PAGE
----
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Patrick Mahomes should ask for a percentage of the cap

Mike Florio and Big Cat break down Patrick Mahomes' comments about his contract negotiation and his focus on a team-friendly deal.

As the Patrick Mahomes contract talks hover over the NFL post-Tom Brady free-agency decision, the simplest solution to Mahomes’ situation continues to hide in plain sight.

Mahomes should ask that his compensation be tied to a specific percentage of the annual salary cap.

Others have tried to get it. All have failed, possibly because the NFL (via its Management Council) has strongly encouraged teams to not do it. (Yes, it would be collusion if the teams blindly follow directives from the league office. Good luck proving it.)

Mahomes could be the first to get a percentage of the cap, via a very basic, fair, commonsense case for ensuring that the Chiefs will always have enough money to spend on other players by tying his own pay to a chunk of the cap. This would keep Mahomes from having to sign a long-term deal that would pay him what he deserves for the first three years and then becomes outdated by changes to the cap and the market in years four, five, and six. It also would give the Chiefs certainty, not as to dollars but as to the slice of total cap pie that annually would go to the team’s franchise quarterback.

If, for example, Mahomes gets 18 percent of the cap on a six-year deal that starts this year, and if the cap goes up by 10 percent per year, Mahomes would make $36 million in 2020 (18 percent of $200 million), $39.6 million in 2021 (18 percent of $220 million), $43.56 million in 2022 (18 percent of $242 million), $47.916 million in 2023 (18 percent of $266.2 million), $52.7 million in 2024 (18 percent of $292.82 million), and $57.97 million in 2025 (18 percent of $322.1 million). That works out to a six-year, $277.75 million deal, with an average value of $46.29 million.

Through it all, Mahomes would count for 18 percent of the cap, with 82 cents of every dollar available to be used on every other player on the roster. And the ultimate percentage for Mahomes would have to be negotiated carefully, whether it’s 16 or 17 or 17.8 or 18.1 or 19.05473. Regardless, it’s the fairest way to balance the immense value Mahomes brings to the franchise with the franchise’s ability to pay other players.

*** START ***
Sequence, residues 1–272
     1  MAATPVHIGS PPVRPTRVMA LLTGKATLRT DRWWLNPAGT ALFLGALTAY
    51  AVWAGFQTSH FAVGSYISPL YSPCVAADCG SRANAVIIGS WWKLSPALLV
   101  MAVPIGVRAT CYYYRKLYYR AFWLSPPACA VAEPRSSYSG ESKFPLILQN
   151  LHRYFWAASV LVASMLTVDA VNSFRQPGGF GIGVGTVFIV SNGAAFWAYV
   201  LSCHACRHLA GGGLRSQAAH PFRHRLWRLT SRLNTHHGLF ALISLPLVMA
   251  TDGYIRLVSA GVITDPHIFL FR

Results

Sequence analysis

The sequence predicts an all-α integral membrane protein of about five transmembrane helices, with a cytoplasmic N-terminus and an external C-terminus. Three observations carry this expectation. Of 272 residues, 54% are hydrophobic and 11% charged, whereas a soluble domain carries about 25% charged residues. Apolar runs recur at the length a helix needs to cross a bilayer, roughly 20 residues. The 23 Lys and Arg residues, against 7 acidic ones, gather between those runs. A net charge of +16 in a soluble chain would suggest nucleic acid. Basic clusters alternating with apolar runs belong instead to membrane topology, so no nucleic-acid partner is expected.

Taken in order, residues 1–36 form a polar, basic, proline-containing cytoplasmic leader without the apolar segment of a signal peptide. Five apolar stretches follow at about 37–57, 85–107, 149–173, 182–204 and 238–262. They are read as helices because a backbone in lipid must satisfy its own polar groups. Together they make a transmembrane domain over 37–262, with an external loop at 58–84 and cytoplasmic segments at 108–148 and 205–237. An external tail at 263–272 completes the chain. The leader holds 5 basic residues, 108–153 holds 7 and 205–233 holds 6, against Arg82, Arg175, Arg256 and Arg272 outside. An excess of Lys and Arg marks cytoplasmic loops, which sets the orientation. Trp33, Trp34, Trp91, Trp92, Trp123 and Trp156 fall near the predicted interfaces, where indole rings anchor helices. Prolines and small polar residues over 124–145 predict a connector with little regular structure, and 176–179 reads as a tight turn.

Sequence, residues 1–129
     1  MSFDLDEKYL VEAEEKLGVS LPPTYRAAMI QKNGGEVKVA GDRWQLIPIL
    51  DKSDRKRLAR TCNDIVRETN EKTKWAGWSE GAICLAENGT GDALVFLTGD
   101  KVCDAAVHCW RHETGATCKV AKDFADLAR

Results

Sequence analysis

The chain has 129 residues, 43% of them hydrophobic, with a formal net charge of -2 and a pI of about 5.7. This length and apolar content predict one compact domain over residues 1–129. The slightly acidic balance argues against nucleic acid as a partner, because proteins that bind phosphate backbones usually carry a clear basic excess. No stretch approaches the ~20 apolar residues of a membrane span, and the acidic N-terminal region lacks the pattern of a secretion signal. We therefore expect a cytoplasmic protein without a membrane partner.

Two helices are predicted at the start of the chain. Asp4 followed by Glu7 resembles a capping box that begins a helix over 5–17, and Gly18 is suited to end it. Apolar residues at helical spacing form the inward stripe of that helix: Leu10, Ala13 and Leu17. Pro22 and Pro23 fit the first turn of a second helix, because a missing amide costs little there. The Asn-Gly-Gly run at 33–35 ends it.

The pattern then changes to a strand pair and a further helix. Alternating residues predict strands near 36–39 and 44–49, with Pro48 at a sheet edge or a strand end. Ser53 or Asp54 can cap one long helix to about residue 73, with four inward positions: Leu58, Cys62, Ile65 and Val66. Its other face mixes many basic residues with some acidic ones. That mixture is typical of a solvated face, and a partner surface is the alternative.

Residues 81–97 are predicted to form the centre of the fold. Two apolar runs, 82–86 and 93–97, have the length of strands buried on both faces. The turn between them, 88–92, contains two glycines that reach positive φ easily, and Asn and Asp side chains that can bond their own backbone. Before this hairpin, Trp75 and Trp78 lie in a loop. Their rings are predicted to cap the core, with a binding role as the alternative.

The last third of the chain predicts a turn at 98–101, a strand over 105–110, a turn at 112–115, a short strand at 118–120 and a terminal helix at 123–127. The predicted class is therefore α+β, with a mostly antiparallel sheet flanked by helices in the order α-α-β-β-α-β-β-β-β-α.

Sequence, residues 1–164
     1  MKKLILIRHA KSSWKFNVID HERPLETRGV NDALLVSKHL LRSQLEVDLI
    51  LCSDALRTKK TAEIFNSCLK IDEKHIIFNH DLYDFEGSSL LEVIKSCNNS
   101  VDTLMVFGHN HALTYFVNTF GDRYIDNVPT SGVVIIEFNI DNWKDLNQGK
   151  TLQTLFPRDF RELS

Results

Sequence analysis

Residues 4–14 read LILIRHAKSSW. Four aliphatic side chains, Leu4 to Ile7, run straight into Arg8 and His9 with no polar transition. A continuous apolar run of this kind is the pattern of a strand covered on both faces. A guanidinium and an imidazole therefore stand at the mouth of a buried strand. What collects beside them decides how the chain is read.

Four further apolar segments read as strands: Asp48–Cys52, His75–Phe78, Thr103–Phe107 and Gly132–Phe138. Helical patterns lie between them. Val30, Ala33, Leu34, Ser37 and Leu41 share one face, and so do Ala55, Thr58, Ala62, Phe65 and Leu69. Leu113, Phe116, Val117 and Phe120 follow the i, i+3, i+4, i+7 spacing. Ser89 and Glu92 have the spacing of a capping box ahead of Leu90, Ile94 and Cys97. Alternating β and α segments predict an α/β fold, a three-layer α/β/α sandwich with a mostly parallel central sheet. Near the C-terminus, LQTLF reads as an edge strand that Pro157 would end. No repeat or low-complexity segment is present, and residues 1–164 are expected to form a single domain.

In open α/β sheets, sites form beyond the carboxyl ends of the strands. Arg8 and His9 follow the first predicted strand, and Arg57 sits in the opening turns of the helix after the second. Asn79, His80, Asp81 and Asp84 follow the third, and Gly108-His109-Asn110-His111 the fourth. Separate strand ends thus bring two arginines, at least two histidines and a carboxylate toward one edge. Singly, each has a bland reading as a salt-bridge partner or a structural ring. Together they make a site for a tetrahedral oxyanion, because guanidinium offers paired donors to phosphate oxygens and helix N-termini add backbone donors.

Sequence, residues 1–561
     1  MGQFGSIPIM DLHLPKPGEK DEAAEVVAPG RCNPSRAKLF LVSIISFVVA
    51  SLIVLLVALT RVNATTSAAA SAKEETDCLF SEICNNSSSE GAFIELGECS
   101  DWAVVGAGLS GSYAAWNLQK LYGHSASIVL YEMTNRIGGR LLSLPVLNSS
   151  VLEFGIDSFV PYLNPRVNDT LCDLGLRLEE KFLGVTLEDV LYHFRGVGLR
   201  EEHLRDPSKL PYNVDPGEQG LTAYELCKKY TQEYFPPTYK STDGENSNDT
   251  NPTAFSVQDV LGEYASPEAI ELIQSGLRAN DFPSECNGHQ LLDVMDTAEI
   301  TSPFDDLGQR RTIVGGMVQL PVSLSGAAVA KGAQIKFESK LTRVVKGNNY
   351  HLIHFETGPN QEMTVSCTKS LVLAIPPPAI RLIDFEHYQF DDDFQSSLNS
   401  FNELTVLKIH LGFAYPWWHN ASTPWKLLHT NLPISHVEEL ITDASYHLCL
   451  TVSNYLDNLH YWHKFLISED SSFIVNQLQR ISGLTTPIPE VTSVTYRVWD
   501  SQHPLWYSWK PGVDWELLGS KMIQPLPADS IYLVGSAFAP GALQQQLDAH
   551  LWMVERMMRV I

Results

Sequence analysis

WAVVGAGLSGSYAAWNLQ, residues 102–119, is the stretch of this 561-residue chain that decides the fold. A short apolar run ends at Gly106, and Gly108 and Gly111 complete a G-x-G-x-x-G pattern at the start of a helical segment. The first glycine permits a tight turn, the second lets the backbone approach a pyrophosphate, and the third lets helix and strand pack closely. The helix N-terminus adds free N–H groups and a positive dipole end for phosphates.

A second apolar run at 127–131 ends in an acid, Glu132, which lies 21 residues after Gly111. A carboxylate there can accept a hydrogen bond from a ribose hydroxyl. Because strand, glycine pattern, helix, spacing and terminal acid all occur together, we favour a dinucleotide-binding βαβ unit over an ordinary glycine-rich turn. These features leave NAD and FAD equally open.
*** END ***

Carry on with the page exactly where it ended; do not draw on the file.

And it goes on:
Mahomes and the Chiefs also would have to decide on the structure of the guarantees. But when it comes to quarterback contracts for short-list franchise players, the deal is typically guaranteed until it expires or a new deal is done. Rarely if ever does a true top-five quarterback lose his fastball or suffer the kind of long-term injury that undermines his value. Chances are that, if Mahomes were to sign a six-year deal that gives him 18 percent of the cap, he’d cash every check until the Chiefs and Mahomes rip up the contract and replace it with a new one.

But here’s the thing: Why would they? If 18 percent works for both sides, it would continue until Mahomes’ gets deep enough into his 30s (or maybe 40s) for his uncanny skills to begin to slip.

If Mahomes decides to proceed this way, maybe other teams will realize that, when it comes to quarterback contracts, the best way to proceed is to give the quarterback a specific chunk of the annual spending limit. This would ensure that the team always would have money for other players, and that the quarterback would never be underpaid.